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At ﬁrst some- thing may appear very signiﬁcant cheap leflunomide 20mg fast delivery medications that cause high blood pressure, but later it might be- come a minor detail order cheapest leflunomide and leflunomide medications side effects. However buy 10 mg leflunomide with amex treatment 5th metatarsal shaft fracture, you will not know this until you have started to analyse what is going on. You need to have a good memory as in many situations it is not possible to take notes at the time. You need to have a notepad with you at all times so that you can write down your thoughts as soon as possible after the encounter. However, in the beginning stages of a participant observation study, it is better to seek information by not asking questions. In- 106 / PRACTICAL RESEARCH METHODS stead, you will ﬁnd that people come to you and ask ques- tions. This in itself is valuable information and can tell you a lot about those people, so all questions should be noted and analysed. Or they might be methodological notes concerning your role, your inﬂuence on the encounter, your relation- ship with the informants, sampling procedures and so on. As time moves on your notes will be to do with a prelimin- ary analysis and the forming of hypotheses which you can go on to check out with your informants. Also, as your research progresses you will start to code and classify your notes (see Chapter 11). Taking notes is a very personal process and you need to ﬁnd a method which will suit you. Many researchers de- velop their own form of shorthand, but if you do this keep it simple because, if your contact is over a long period of time, you may not understand the shorthand you used at the beginning. Most researchers keep a day-to-day diary in addition to all the other ﬁeld notes. You will also need to keep all transcripts of interviews, photographs, maps, tapes, video recordings, diagrams and plans. Everything needs to be recorded and stored systematically so good or- ganisational skills are important if you wish to undertake participant observation. HOW TO CARRY OUT PARTICIPANT OBSERVATION/ 107 Most of your analysis takes place in the ﬁeld so that you can cross check and verify your hypotheses. At this stage you will ﬁnd that you will have a number of key infor- mants who will be able to help you with this process. WITHDRAWAL FROM THE FIELD When you have been immersed in a particular culture for a long period of time, it can be hard to break away. In- deed, some researchers have found that they do not want to break away, although this only happens rarely. If, how- ever, you have remained connected to your role as re- searcher, you will know when it is time to break away, write up your results and pass on what you have learnt. Many researchers ﬁnd that it is helpful to stay in touch with their contacts – these people will want to see what is written about them. You may also wish to return to your community several years later and conduct a fol- low-up study. Finally, you must make sure that you try not to do any- thing which will give researchers a bad name and cause problems for other researchers who may wish to follow in your footsteps (see Chapter 13). SUMMARY X In participant observation, the researcher immerses herself into a community, culture or context. The ac- 108 / PRACTICAL RESEARCH METHODS tion is deliberate and intended to add to knowledge. X To gain access a researcher must be non-threatening, displaying appropriate behaviour and body language and wearing appropriate dress. X A useful way of gaining access is to ﬁnd a gatekeeper who can introduce you to other members of the com- munity. X A researcher needs to do much soul-searching before going into the ﬁeld as the experience can raise many ethical, moral and personal dilemmas. X It is sometimes quicker and more economical to wait for questions to come to the researcher, rather than ask questions of informants in the early stages of a study. X Field notes may record practical details, methodologi- cal issues, personal thoughts, preliminary analyses and working hypotheses. X Data analysis takes place in the ﬁeld so that hypotheses can be discussed with key informants. X The community should be left on good terms and any written reports should be given back to the people for their interest and personal comments. It could be inﬂuenced also by the methodo- logical standpoint of the person who teaches on your re- search methods course. DECIDING WHICH APPROACH TO USE For quantitative data analysis, issues of validity and relia- bility are important. Quantitative researchers endeavour to show that their chosen methods succeed in measuring what they purport to measure. They want to make sure that their measurements are stable and consistent and that there are no errors or bias present, either from the respon- dents or from the researcher. Qualitative researchers, on the other hand, might ac- knowledge that participants are inﬂuenced by taking part in the research process. They might also acknowledge that researchers bring their own preferences and experience to the project. Ask two researchers to analyse a transcript and they will probably come up with very diﬀerent results. This may be because they have studied diﬀerent subjects, 110 HOW TO ANALYSE YOUR DATA/ 111 or because they come from diﬀerent political or methodo- logical standpoints. It is for this reason that some re- searchers criticise qualitative methods as ‘unscientiﬁc’ or ‘unreliable’. This is often because people who come from quantitative backgrounds try to ascribe their methods and processes to qualitative research. For qualitative data, the researcher might analyse as the re- search progresses, continually reﬁning and reorganising in light of the emerging results. For quantitative data, the analysis can be left until the end of the data collection process, and if it is a large survey, statistical software is the easiest and most eﬃcient method to use. For this type of analysis time has to be put aside for the data input process which can be long and laborious. However, once this has been done the analysis is quick and eﬃcient, with most software packages producing well presented graphs, pie charts and tables which can be used for the ﬁnal report. QUALITATIVE DATA ANALYSIS To help you with the analysis of qualitative data, it is use- ful to produce an interview summary form or a focus group summary form which you complete as soon as possible after each interview or focus group has taken place. This includes practical details about the time and place, the participants, the duration of the interview or focus group, and details about the content and emerging themes (see Figures 2 and 3). It is useful to complete these forms as 112 / PRACTICAL RESEARCH METHODS soon as possible after the interview and attach them to your transcripts. The forms help to remind you about the contact and are useful when you come to analyse the data. The method you use will depend on your research topic, your personal preferences and the time, equipment and ﬁ- nances available to you.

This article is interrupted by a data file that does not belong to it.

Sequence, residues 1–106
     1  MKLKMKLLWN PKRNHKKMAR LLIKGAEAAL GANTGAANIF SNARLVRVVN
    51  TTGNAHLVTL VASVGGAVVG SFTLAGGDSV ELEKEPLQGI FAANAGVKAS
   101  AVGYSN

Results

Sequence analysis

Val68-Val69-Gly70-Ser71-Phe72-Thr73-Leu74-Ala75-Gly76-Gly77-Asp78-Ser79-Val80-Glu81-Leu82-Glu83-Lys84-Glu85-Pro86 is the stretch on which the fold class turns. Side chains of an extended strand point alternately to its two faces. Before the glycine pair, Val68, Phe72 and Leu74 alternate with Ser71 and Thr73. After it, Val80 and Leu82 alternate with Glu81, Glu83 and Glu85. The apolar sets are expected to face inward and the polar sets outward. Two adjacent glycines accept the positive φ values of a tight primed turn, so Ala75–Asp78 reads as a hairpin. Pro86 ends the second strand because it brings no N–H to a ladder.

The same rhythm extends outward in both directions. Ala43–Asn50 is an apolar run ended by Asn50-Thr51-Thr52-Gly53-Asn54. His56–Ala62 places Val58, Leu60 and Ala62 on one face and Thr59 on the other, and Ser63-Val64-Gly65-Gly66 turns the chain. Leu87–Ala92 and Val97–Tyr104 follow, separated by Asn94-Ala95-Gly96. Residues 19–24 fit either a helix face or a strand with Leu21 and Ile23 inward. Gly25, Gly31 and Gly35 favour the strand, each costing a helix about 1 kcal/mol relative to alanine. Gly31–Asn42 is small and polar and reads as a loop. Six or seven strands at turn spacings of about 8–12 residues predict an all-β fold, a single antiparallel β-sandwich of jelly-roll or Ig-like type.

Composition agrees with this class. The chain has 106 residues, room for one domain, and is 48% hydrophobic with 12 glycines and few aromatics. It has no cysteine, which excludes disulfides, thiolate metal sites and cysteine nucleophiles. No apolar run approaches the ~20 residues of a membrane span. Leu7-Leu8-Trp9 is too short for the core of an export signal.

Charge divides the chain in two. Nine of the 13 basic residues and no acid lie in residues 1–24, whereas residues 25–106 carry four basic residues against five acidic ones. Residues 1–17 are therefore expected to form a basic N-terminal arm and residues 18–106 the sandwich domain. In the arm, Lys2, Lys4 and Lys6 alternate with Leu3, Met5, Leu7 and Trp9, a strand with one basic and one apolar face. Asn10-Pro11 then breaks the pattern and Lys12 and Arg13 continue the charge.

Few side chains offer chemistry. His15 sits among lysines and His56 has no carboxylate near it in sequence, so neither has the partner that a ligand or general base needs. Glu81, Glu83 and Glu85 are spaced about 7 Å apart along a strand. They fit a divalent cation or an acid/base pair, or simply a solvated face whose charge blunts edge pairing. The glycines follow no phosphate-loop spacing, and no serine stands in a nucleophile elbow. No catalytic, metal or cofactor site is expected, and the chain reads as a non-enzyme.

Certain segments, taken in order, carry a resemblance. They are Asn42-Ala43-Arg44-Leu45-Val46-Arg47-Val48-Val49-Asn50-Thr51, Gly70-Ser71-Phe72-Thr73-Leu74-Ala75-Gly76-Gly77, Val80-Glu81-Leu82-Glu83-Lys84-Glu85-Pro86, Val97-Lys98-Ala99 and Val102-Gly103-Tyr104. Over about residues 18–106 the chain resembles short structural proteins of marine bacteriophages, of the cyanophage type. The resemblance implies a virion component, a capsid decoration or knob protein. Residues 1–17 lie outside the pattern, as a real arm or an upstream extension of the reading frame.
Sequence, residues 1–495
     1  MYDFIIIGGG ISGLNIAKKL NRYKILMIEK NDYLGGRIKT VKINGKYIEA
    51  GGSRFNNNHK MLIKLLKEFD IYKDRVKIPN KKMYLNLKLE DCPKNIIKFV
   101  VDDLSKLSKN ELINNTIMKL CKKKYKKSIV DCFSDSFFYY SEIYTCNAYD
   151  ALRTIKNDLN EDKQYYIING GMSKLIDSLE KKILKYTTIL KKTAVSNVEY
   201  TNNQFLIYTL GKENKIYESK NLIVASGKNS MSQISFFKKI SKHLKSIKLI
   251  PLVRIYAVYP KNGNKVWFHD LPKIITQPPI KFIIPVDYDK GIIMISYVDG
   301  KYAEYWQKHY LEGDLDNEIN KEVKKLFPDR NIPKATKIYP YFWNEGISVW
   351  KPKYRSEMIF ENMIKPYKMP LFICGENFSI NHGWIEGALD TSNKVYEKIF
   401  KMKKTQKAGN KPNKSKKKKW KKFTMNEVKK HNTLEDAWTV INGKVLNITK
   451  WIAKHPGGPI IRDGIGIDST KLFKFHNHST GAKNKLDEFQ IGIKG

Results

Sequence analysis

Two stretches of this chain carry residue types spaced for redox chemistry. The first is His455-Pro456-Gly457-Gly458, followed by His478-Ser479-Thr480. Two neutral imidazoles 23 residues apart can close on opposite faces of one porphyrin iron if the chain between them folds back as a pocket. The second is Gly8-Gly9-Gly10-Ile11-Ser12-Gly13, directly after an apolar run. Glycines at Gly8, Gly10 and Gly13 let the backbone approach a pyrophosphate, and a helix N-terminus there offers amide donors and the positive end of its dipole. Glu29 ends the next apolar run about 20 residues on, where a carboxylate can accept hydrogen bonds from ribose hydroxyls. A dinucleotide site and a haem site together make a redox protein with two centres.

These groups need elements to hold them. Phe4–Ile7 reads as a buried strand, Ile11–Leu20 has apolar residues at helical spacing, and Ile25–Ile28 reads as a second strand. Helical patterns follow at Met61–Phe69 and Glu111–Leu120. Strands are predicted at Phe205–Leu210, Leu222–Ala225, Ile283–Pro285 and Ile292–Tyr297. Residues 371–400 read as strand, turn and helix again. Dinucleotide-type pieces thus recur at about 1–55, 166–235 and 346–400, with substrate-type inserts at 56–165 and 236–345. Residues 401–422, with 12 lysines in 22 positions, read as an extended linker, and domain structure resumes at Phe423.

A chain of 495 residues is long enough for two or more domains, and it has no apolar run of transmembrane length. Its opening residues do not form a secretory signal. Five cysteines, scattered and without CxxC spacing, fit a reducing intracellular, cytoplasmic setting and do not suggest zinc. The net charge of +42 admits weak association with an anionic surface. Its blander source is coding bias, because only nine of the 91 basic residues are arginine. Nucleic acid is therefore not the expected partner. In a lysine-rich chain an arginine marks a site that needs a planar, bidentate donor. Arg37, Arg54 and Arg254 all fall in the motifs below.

C Roentgenogram of the hip 44 months postoperation Slipped Capital Femoral Epiphysis Retrospective 75 Discussion In our patients order leflunomide 20 mg fast delivery symptoms congestive heart failure, the correct initial diagnosis rate was only 31 purchase leflunomide 20 mg visa shinee symptoms mp3. The coefﬁcient of the correlation between the duration until diagnosis and the slipping angle was 0 discount leflunomide 10mg overnight delivery treatment 4 hiv. Some patients in this study required a considerably long time for diagnosis, increasing the slipping angle, and thus we conﬁrmed the importance of early diagnosis. In patients in whom instability is suspected at the ﬁrst visit and reduction can be expected, direct wire traction is per- formed, and the severity of the disease is evaluated based on the posterior tilting angle. In situ pinning is performed when the angle is less than 30° and Southwick intertrochanteric osteotomy when the angle is ≥30°. Because no manual reduction is performed either before or during operation, there is no method of conﬁrming insta- bility. Therefore, we perform direct wire traction in patients with a posterior tilting angle of ≥30° on the affected side and prophylactic pinning on the contralateral side in principle. We perform prophylactic pinning because we have previously encountered children with contralateral slip and fully realized that children at this age when this disease frequently develops do not often follow instructions to rest. We perform in situ pinning in patients with a posterior tilting angle of <30°. However, some studies have shown good results after in situ pinning in patients with an angle of ≥30°. In patients with this disease not complicated by femoral head necro- sis or acute cartilage necrosis, short-term results are good. Even if short- or middle- term results are good, however, because osteoarthrosis of the hip develops at middle age or later, the expansion of the indications of this method should be carefully evaluated. Slipped capital femoral epiphysis Contralateral hip Instability Yes No Direct wire traction Skin traction or rest Posterior tilting angle 30° 30° Southwick intertrochanteric In situ pinning Prophylactic osteotomy pinning Fig. We use Southwick intertro- chanteric osteotomy because operation-associated femoral head necrosis rarely occurs, no high-level technique is necessary, and stable results can be expected. Noguchi Y, Sakamaki T(2004) Epidemiology and demographics of slipped capital femoral epiphysis in Japan. Southwick WO (1967) Osteotomy through the lesser trochanter for slipped capital femoral epiphysis. Saisu T, Kamegaya M, Ochiai N, et al (2003) Importance of early diagnosis for treatment of slipped capital femoral epiphysis. Kocher MS, Bishop JA, Weed B (2004) Delay in diagnosis of slipped capital femoral epiphysis. Castro FP Jr, Benett JT, Doulens K (2004) Epidemiological perspective on prophylactic pinning in patients with unilateral slipped capital femoral epiphysis. Schultz WR, Weinstein JN, Weinstein SL (2002) Prophylactic pinning of the contralat- eral hip in slipped capital femoral epiphysis: evaluation of long-term outcome for the contralateral hip with use of decision analysis. J Bone Joint Surg [Am] 84A(8): 1305–1314 Part II Avascular Necrosis of the Femoral Head Osteotomy for Osteonecrosis of the Femoral Head: Knowledge from Our Long-Term Treatment Experience at Kyushu University Seiya Jingushi Summary. Many young patients suffer from osteonecrosis of the femoral head (ONFH). For this reason, osteotomy is considered to be an important treatment option, and their survival after osteotomy of the hip is expected to be of long duration. Cases that survived more than 25 years after osteotomy were investigated to reconﬁrm the principles or the indication based upon our previous experience about osteotomy treatment for ONFH. Fifteen cases were divided into two groups with or without advanced osteoarthritis at the last follow-up and were compared. All the cases with advanced osteoarthritis (OA) had collapse progression. All the cases in which the preoperative stage was advanced were included in those with advanced OA at the last follow-up. In contrast, collapse progression was not observed in the cases without advanced OA at the last follow-up. According to these data, we reconﬁrmed that collapse progression is the main cause for poor outcome after osteotomy, and that cases operated on at an early stage are apt to experience a good prognosis. When the indication and the operation are appropriate, osteotomy could prevent disease deterioration even more than 25 years after the operation. Osteonecrosis of the femoral head, Osteotomy, Transtrochanteric anterior rotational osteotomy, Collapse, Clinical outcome Introduction Once collapse occurs at the necrosis area of the femoral head, it usually progresses. Collapse causes incongruity and instability of the hip joint, and the progression of collapse causes incongruity and instability to increase and ﬁnally results in secondary osteoarthritis (Fig. The purpose of osteotomy for osteonecrosis of the femoral head (ONFH) is to prevent the progression of collapse and secondary osteoarthritis. A principle of osteotomy is to support weight-bearing with intact or live bone instead Department of Orthopaedic Surgery, Graduate School of Medical Sciences, Kyushu University, 3-1-1 Maidashi, Higashi-ku, Fukuoka 812-8582, Japan 79 80 S. The dashed line shows the osteonecrosis area of the femoral head from the anterior view of the necrotic bone and to restore the subluxated femoral head (Fig. In other words, osteotomy is on-site vascularized bone grafting with articular cartilage and with good congruency. Options of osteotomy for ONFH are transtrochanteric anterior or posterior rotational osteotomy (ARO or PRO) developed by Sugioka et al. The treatment option is chosen depending on the lesion of osteonecrosis or on where and how wide is the osteonecrosis area in the femoral head. Especially for young patients, oste- otomy is an important treatment option to be considered, and they are expected to survive for a long time after their hip osteotomy. Sugioka developed transtrochanteric rotational osteotomy Long-Term Experience of Osteotomy for Femoral Head Osteonecrosis 81 Fig. Sequential photographs of anterior rotation of the femoral head show a model of ante- rior rotational osteotomy (ARO) with 20° varus position and indicate how ARO results in weight-bearing with the living posterior surface of the femoral head (a–f). According to anterior rotation, the osteotomy line is 10° inclination away from the perpendicular to the neck (a) and 10° ret- roversion. The result is 20° varus position after anterior rotation of the femoral head (f) of the femoral head, so-called “rotational osteotomy” or “Sugioka’s osteotomy”. Anterior rotation of the femoral head with vascularity results in weight-bearing with the live posterior surface of the femoral head (Fig. Experience of Osteotomy in Kyushu University Between 1972 and 1979 The cases that survived more than 25 years after the operation were investigated to reconﬁrm the principles or the indication based upon our previous experience with osteotomy treatment for ONFH [1,2,4]. Patients and Methods Between 1972 and 1979, 128 patients with idiopathic ONFH underwent osteotomy in our department. Fifteen hips of 9 patients, who had been visiting our outpatient ofﬁce and had their living hip joints more than 25 years after operation, were examined. One group includes the hips that had advanced or terminal osteoarthritis (OA) at the last follow-up.